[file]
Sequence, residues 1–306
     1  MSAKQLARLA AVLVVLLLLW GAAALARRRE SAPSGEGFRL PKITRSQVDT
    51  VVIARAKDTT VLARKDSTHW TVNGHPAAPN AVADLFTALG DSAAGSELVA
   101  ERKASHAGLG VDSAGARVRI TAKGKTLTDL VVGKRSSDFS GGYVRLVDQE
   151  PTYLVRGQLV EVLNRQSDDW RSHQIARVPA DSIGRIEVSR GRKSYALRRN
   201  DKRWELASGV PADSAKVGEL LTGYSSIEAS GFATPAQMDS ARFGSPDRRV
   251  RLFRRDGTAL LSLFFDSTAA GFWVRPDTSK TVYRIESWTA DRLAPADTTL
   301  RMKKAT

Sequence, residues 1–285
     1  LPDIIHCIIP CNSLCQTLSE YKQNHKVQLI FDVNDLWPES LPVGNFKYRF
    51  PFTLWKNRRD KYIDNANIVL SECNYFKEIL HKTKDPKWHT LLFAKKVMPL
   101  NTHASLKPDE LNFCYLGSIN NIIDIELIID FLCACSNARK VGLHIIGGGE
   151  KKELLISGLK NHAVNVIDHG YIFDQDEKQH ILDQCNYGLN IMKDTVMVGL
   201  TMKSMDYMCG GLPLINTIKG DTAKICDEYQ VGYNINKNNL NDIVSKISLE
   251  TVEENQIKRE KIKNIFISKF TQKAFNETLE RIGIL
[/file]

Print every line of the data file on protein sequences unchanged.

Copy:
Sequence, residues 1–306
     1  MSAKQLARLA AVLVVLLLLW GAAALARRRE SAPSGEGFRL PKITRSQVDT
    51  VVIARAKDTT VLARKDSTHW TVNGHPAAPN AVADLFTALG DSAAGSELVA
   101  ERKASHAGLG VDSAGARVRI TAKGKTLTDL VVGKRSSDFS GGYVRLVDQE
   151  PTYLVRGQLV EVLNRQSDDW RSHQIARVPA DSIGRIEVSR GRKSYALRRN
   201  DKRWELASGV PADSAKVGEL LTGYSSIEAS GFATPAQMDS ARFGSPDRRV
   251  RLFRRDGTAL LSLFFDSTAA GFWVRPDTSK TVYRIESWTA DRLAPADTTL
   301  RMKKAT

Sequence, residues 1–285
     1  LPDIIHCIIP CNSLCQTLSE YKQNHKVQLI FDVNDLWPES LPVGNFKYRF
    51  PFTLWKNRRD KYIDNANIVL SECNYFKEIL HKTKDPKWHT LLFAKKVMPL
   101  NTHASLKPDE LNFCYLGSIN NIIDIELIID FLCACSNARK VGLHIIGGGE
   151  KKELLISGLK NHAVNVIDHG YIFDQDEKQH ILDQCNYGLN IMKDTVMVGL
   201  TMKSMDYMCG GLPLINTIKG DTAKICDEYQ VGYNINKNNL NDIVSKISLE
   251  TVEENQIKRE KIKNIFISKF TQKAFNETLE RIGIL